LinkedIn groups have always been an excellent way to find not only like-minded individuals and influencers, but find leads and reach a targeted audience. However, because LinkedIn Groups were public, over the years more and more of the conversations and members began to get spammy and promotional as opposed to a helpful resource.
You see where this is going: LinkedIn announced on November 26 that, thanks to user feedback and studying internal data, all Groups would now be private. With over 2 million groups out there, this is the biggest announcement we’ve seen from LinkedIn ever. So what does this mean for B2B marketers?
Breaking Down the LinkedIn Groups Changes
Aside from the new privacy restrictions, some of the most notable changes to Group Features include:
- Standard vs. Unlisted Groups. Unlisted Groups will not show up in search results and only the group’s owner can invite members to the group. Standard Groups will show up and anyone can invite a 1st degree connection to the group.
- All Groups are Now Members-Only Groups. You now either need an invitation of approval of your request, so get to searching and connecting!
- Groups iOS Mobile App. This new App will allow you to follow conversations and receive push notifications for certain conversations.
- Removal of Subgroups. These will now be treated as their own independent groups so that things don’t get confusing.
- New Tab for Job Discussions. If someone wants to discuss a job opening, that will now be in a new tab to keep things organized and keep separate conversations flowing. This is likely in response to the removal of subgroups.
Other changes that will help eliminate spam include content moderation, removal of the Promotions tab, posting images in conversations, Mentions allowed in Group conversations, and different Group highlights and email digests. You can check out the video below to learn more about the changes:
What This Means for B2B Marketers
So the changes are pretty self-explanatory for users, but B2B marketers will also see huge benefits to their bottom line as well. Check out four ways that marketers will see changes and how you can take advantage below:
1. You can now Include Special Promotions
Because Groups are now private, you can offer special promotions or feature special announcements that you may only want to offer a small group of people who have been talking with you. Keep in mind that you want to avoid anything too promotional, though, because that’s what LinkedIn is trying to avoid in the first place. Be sure that if you’re accepted as a group member, you’re there to talk with members and offer advice. Only make a special announcement if it seems appropriate. That’s not the end goal.
2. You’ll See Higher Levels of Engagement
Because of the new members-only rule, you should see more engagement. This will mean smaller, more targeted groups, and it means that members will actually be able to read all of the relevant comments as opposed to having to scroll down through spam and longer, poor-quality contributions.
3. You can Find Candidates Faster than Before
Now that there is a new tab for discussions about jobs, it’s easier to scroll through and find candidates while still being able to participate in the group with quality content as opposed to searching for jobs/ candidates. In other words, as a recruiter you’re able to still post about a job, but that conversation can be kept to the side so that you see all of the messages responding to the job discussion without having to disrupt the other conversations happening in the group.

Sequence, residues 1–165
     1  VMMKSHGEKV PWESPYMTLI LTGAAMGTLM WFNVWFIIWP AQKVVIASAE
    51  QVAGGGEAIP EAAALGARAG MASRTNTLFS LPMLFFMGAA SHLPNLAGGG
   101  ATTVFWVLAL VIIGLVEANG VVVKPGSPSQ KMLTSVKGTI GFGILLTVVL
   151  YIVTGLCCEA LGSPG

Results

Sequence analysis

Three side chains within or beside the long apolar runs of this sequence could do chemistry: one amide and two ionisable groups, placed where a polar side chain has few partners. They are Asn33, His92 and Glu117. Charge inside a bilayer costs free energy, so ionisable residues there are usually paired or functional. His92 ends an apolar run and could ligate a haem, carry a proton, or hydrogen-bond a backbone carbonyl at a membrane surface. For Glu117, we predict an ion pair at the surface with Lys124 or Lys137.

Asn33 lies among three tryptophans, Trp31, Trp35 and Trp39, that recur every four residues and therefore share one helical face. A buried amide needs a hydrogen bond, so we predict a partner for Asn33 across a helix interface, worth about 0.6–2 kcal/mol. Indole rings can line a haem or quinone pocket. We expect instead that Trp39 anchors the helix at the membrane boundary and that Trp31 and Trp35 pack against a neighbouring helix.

4. Lengthier Discussions
This was an idea I got from HubSpot that mentions the major push for social networks to have deeper and lengthier discussions with their social members (as seen through the revamp of Twitter DM and Facebook Messenger). Now that there is a new Groups App specific to LinkedIn Groups and brand’s can @mention certain people, conversations can last longer and you can answer questions more directly and create that ongoing conversation.
How else will the new update help you as a marketer? Do you like the changes LinkedIn made, or do you see any problems arising? Let us know in the comments below!
Republished by permission. Original here.
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I have moderated a LinkedIn group for the past several years and it has a couple thousand members. There was a time when I almost couldn’t keep up with the number of membership requests. These changes seem like a great direction and I’m excited.
Our team manages about 30 LinkedIn groups. The changes that LinkedIn has made to groups have brought nothing but outcry by Group Managers. This can be seen at the Group Moderators Group.
1. Spam is UP. Spam has increased tremendously as members can invite their friends. So Spammers invite other spammers. Group Managers can not stop this. Most group moderation tools have been removed by LI. Group Managers no longer can stop spam by conveniently placing members on moderation. You can only delete it after the fact. When you delete the spam there is no ability to Block the spammer by managing the post itself. You have to go to Manage Members and then try to find by name – a cumbersome process
2. Discussions have been shortened from 4,000 characters to 1,000 characters.
3. Engagement is Way Down. LinkedIN removed the ability to search Posts for what interests you.
4. Groups that were ALL about job posts only, do Not want a Jobs tab. Now they are forced to have it.
Good grief!!! How can anyone get this analysis soooo WRONG???
For those of us who have managed substantial LinkedIn groups for a while, the new formats are a travesty! Over the last year and especially with the new rollout, LinkedIn has removed over 40 tools, features, and functions from groups. There now is more spam, less engagement, and fewer and shorter discussions.